The offspring were 10 times more resistant to heat stress than their sensitive southern parents. Many of the heat tolerance genes bequeathed by the northern polyps appeared to come from the mitochondria, the organelles responsible for energy production. Matz and Bay suspect these mitochondrial genes might help polyps resist free radical stress induced by overheating – something they plan to explore next.
The study is the first to show heat tolerance can be inherited. “It opens up possibilities for rapid evolution,” says Bay. Matz suggests this is likely to happen naturally as the northern larvae can disperse over vast distances. But the process “can be jump-started by humans moving adult corals”, he says.
And it’s not only polyps that have evolved to cope with the heat. University of Southampton biological oceanographer Jörg Wiedenmann studied corals living in the Persian Gulf, where water temperatures regularly reach 35 °C –
and found a new type of zooxanthella that could take the extreme heat. He and colleagues published their new species, Symbiodinium thermophilum, in a February issue of Scientific Reports. But the corals’ exceptional heat tolerance was strongly coupled to their ability to survive the Gulf’s high salinity. Taken out of super salty seawater, they died.
So moving coral colonies and their zooxanthellae is not likely to be a panacea. Bay says: “Assisted colonisation has been suggested before. But we’re not yet at the stage where we can say ‘yep, we’re ready to go, there’s no problem with this’.”
Ultimately, whether they relocate naturally or with help, there’s a limit to how far corals can move from the equator, adds Queensland Museum coral researcher Paul Muir in Townsville.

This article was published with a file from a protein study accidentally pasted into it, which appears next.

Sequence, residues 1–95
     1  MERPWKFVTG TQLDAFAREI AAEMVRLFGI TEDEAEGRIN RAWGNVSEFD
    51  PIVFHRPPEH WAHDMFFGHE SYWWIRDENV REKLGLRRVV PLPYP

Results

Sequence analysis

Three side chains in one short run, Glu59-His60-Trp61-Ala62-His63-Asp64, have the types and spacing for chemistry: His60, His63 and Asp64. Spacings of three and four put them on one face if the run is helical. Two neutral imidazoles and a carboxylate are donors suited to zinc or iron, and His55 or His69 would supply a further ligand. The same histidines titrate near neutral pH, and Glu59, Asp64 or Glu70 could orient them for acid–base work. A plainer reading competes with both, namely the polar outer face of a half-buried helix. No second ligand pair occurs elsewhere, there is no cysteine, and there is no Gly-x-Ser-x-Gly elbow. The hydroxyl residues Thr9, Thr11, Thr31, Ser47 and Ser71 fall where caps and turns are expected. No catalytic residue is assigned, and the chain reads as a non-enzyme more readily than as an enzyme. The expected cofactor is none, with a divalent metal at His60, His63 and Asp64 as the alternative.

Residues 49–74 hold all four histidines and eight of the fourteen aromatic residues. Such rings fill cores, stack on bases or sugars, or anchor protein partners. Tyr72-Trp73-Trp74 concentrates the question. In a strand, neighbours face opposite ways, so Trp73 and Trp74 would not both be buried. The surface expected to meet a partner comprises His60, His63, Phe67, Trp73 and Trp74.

In a paper published in Science in June he and colleagues analysed coral depth distributions and found that they are limited by winter sunlight. The sunlight at higher latitudes is too weak for zooxanthellae to photosynthesise, because not enough light penetrates to the depths where the corals grow. Moving coral to shallower water wouldn’t help, he adds. Not all corals can survive exposure at low tide – waves and swells tend to shatter their delicate skeletons.
As oceans warm, corals will need to adapt to multiple pressures. More acidic oceans – caused by dissolved carbon dioxide – and higher temperatures tend to go hand in hand, Bay says. She plans to see if heat-tolerant corals such as those in Princess Charlotte Bay can also cope with more acidic seas.
But breeding strategies and relocating corals are unlikely to help corals adapt quickly enough. Wiedenmann, Bay and Muir say that aside from limiting our CO2 emissions, the most important help we can give the corals is to keep their existing homes pristine by reducing fertiliser run-off from creeks and not dredging the sea floor. These activities trigger algal blooms and make the waters murky, depriving zooxanthellae of sunlight.
Australia has agreed to do that. UNESCO will be back in 2017 to check we have kept our promise.
Belinda Smith is a science and technology journalist in Melbourne, Australia.